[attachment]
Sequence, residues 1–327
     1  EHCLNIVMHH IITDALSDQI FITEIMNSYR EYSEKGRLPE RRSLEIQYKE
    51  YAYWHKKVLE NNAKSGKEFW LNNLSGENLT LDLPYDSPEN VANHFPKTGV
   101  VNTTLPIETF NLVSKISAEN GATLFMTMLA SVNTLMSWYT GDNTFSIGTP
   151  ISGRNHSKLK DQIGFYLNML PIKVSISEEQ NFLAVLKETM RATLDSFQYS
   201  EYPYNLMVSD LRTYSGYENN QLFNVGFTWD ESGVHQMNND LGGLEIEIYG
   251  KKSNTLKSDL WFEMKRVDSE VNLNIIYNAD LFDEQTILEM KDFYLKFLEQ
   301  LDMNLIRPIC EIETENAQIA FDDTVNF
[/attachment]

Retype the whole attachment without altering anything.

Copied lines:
Sequence, residues 1–327
     1  EHCLNIVMHH IITDALSDQI FITEIMNSYR EYSEKGRLPE RRSLEIQYKE
    51  YAYWHKKVLE NNAKSGKEFW LNNLSGENLT LDLPYDSPEN VANHFPKTGV
   101  VNTTLPIETF NLVSKISAEN GATLFMTMLA SVNTLMSWYT GDNTFSIGTP
   151  ISGRNHSKLK DQIGFYLNML PIKVSISEEQ NFLAVLKETM RATLDSFQYS
   201  EYPYNLMVSD LRTYSGYENN QLFNVGFTWD ESGVHQMNND LGGLEIEIYG
   251  KKSNTLKSDL WFEMKRVDSE VNLNIIYNAD LFDEQTILEM KDFYLKFLEQ
   301  LDMNLIRPIC EIETENAQIA FDDTVNF